US 2282049 A
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Description (OCR text may contain errors)
J. c. HAGGART, JR 2,282,049
METHOD OF May 5, 1942.
SINKING POSTS Filed Oct. 26, 1939 j [06w (3 I/AGQARI; Y7
ATTORNEY Patented May 5, 1942 METHOD OF SINKING POSTS John C. Haggart, J12, Westfield, N. J., assignor to Signal Service Corporation, a corporation of Delaware Application October 26, 1939, Serial No. 301,431
This invention relates to a method of sinking posts into the ground, particularly posts used on highways for the guidance of automobilists.
The invention has for its object a method of driving posts, having anchoring spurs thereon, into the ground without damage to the posts or to any devices carried thereby, such as light reflecting units.
Heretofore the methods employed for the purpose described herein have been slow and ineflicient in that the pounding of the posts by blows on their upper ends either damaged the light reflecting units, or required that the units be removed before driving the posts. But even with the light reflecting units removed, the ends of the posts were usually bent and deformed.
When driving posts with anchor spurs attached thereto, blows were applied to the spurs until the top edges thereof were level with the ground.
However, in this position relative to the surface of the ground, little anchoring effect was exerted by the spurs and the posts had to be driven by blows on the top of the posts to' their final positions.
By the present method, the driving of the posts may be done with great economy as the reflecting units and the posts may be assembled at the factory and there is not the danger of injuring the reflecting units or the posts during the driving.
The accompanying drawing illustrates the invention. In the drawing:
Fig. 1 is an elevation showing a post being driven into the ground;
Fig. 2 is an elevation similar to Fig. l, rotated 90 degrees to the left, certain parts being shown in section;
Fig. 3 is a cross-section on the line 3--3 of Fig. 1;
Fig. 4 is a perspective view of the implement engaging the spurred part of the post and adapted to receive the impact of the driver;
Fig. 5 is a cross-section on the line 5-5 of Fig. 1; and
Fig. 6 is a perspective view of the lower portion of the implement aforesaid.
Referring to the various views, the post I comprises an angle iron or bar having at its upper portion 2, which is flat, reflector buttons 3, 3. Near the lower end of the post are riveted angled spur plates 4. Adapted to be imposed upon the upper edges of said spurs and to embrace said post is an implement or casting 5 having a diametrically enlarged head 6 and formed with an angled extension I.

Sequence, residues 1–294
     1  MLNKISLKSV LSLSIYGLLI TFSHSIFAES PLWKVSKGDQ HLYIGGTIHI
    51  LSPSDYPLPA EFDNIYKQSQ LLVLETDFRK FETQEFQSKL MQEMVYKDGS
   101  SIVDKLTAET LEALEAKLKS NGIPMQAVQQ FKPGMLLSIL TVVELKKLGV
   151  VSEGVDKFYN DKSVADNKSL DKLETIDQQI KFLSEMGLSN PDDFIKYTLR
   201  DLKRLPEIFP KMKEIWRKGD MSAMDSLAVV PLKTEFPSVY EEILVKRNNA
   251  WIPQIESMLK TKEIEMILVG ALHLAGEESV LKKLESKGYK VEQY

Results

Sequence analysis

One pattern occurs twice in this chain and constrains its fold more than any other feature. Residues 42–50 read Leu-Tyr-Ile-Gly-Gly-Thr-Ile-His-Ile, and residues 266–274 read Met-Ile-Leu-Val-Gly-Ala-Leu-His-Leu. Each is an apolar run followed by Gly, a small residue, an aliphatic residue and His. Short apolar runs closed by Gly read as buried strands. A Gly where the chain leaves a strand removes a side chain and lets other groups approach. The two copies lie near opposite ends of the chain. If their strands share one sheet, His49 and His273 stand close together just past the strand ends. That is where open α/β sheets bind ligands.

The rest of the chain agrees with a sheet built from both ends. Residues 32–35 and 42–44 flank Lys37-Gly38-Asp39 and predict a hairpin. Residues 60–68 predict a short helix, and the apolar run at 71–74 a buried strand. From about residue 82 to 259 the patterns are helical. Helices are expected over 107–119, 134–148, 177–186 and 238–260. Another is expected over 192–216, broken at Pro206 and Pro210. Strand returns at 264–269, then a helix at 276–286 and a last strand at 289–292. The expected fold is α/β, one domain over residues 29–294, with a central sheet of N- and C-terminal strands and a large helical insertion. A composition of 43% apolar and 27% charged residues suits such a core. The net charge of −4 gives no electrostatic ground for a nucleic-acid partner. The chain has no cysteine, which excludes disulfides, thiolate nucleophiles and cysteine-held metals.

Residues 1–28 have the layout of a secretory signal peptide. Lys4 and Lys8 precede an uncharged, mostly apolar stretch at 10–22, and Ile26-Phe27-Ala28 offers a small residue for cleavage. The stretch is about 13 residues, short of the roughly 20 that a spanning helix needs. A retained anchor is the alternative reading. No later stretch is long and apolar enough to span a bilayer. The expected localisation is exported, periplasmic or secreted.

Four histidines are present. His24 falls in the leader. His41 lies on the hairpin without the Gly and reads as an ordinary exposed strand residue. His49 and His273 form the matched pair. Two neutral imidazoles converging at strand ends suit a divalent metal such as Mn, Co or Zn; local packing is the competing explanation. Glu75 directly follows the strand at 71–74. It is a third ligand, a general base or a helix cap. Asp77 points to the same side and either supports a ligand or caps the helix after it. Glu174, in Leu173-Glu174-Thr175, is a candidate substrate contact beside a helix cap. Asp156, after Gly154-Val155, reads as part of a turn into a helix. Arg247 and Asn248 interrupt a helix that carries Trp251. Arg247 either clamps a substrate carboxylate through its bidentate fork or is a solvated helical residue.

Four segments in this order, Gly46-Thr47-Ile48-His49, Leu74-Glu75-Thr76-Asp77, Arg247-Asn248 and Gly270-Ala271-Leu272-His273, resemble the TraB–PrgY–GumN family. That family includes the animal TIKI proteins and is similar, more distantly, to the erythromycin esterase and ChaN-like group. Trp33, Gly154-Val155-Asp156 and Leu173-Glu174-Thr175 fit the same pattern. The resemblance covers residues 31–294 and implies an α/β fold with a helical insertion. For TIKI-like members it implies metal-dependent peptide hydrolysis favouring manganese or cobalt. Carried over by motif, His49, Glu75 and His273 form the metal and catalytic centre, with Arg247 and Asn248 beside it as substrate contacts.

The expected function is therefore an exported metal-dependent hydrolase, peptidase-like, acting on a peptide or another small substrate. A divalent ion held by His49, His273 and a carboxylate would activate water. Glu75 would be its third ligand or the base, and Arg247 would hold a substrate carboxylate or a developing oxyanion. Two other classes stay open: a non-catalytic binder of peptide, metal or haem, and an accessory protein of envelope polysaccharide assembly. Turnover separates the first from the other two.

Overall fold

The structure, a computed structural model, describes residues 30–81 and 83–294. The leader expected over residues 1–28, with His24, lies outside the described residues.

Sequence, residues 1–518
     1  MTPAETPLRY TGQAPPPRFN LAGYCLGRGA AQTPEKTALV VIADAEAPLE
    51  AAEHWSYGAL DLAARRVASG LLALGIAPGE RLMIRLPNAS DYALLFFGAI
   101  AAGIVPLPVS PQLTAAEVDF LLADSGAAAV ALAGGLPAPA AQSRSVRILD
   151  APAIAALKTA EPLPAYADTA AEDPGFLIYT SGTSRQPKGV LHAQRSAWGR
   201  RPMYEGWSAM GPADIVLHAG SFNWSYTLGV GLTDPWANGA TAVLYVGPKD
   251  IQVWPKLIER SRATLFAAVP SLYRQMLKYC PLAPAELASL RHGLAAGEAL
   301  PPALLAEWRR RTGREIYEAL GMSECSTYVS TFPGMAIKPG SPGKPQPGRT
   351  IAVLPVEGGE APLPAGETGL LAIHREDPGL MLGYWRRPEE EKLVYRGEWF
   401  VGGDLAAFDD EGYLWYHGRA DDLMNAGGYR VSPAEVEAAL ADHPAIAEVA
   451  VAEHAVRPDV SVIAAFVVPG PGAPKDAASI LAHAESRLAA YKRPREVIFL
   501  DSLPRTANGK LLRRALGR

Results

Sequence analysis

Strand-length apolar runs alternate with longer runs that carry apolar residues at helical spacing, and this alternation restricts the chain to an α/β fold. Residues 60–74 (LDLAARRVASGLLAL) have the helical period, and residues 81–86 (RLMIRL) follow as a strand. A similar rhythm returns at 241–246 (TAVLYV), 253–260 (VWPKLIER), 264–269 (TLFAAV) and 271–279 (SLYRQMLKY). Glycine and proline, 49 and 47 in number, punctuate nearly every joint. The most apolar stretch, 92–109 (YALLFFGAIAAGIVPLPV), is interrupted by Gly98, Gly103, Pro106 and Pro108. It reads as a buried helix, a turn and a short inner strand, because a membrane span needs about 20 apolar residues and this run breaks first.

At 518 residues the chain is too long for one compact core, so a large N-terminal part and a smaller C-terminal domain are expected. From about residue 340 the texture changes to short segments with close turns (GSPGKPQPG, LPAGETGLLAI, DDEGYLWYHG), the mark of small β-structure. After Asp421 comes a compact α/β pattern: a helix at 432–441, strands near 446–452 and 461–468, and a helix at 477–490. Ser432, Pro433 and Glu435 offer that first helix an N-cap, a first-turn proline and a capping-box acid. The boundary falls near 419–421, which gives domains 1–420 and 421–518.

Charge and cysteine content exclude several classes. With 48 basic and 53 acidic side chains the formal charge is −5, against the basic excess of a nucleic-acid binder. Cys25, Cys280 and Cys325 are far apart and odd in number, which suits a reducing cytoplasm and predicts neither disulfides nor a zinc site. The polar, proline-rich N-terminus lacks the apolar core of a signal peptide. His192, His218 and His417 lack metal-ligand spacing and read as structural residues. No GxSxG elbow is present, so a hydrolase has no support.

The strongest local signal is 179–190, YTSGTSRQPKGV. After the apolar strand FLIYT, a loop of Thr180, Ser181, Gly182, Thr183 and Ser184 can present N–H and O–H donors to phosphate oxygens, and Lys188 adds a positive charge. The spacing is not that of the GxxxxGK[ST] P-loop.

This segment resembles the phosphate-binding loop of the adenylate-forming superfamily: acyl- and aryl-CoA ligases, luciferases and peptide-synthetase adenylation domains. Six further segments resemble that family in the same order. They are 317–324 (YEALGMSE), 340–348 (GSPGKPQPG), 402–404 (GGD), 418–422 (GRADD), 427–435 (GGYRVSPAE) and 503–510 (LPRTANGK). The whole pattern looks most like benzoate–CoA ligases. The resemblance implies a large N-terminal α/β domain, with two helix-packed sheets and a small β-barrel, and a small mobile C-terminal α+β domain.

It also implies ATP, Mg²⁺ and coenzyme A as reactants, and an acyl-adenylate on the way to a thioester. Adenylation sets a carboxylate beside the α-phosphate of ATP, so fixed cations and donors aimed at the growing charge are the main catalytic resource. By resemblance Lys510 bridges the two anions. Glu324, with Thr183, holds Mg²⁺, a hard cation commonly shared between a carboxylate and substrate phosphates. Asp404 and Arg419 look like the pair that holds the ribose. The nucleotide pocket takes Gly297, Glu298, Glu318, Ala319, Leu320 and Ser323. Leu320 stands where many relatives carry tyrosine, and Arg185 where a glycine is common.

This extension I and the head 6 have a channel 9 cut or cast therein, which permits the implement to be moved laterally to embrace the post. The inner surfaces Illa and lb of the channel fit against the outside walls and edges of the post I. The aligning fingers 8, engaging the inside walls of the spurs 4, hold the lower end of the member 5 in operative position on the spur plates.
The member 5 is extended to a distance equal to the depth of the top of the spurs below the surface of the ground when the post is in its anchored position. The sides of the extension converge to approximately the thickness of the spur and are wedge shaped, to facilitate their entry into the ground as well as to facilitate the withdrawing of the member 5 when the post has reached its anchored position.
To apply the driving force to the implement 5 there is provided a tubular driver I I, whose inside diameter is such that it will clear the edges or sides of the post and also any device carried at the top thereof. Handles I2, 12 are provided to grasp the driver. The inside diameter and the outside diameter of the driver are such that the lower end of the driver has a surface common with the head of member 5 when the driver contacts the member 5.
The method of operation is as follows: The post is held upright in the desired location; the impact member 5, held in a vertical position, is moved laterally to embrace the post and is then moved down until its lower edges and fingers engage the spurs. The driver is then slipped over the top of the post and is brought down forcibly on the impact member, thus driving the post into the ground. When the post has reached its anchored position, the driver is removed from the post. The impact member is then raised from the ground and removed laterally from the post. The hole left around the post, when the impact member is removed, is then filled with concrete or other material.
The method of driving a post having anchoring spurs near its lower end into the ground until the anchoring spurs are completely buried, comprising disposing an elongated ground penetrating impact member loosely upon the post in axial alignment therewith with its lower end in contact with the upper surface of the spurs, driving the impact member into the ground until it has forced the spurs and post down to anchoring position, and then withdrawing the impact member from the ground and removing it from the post.
JOHN C. HAGGART, JR.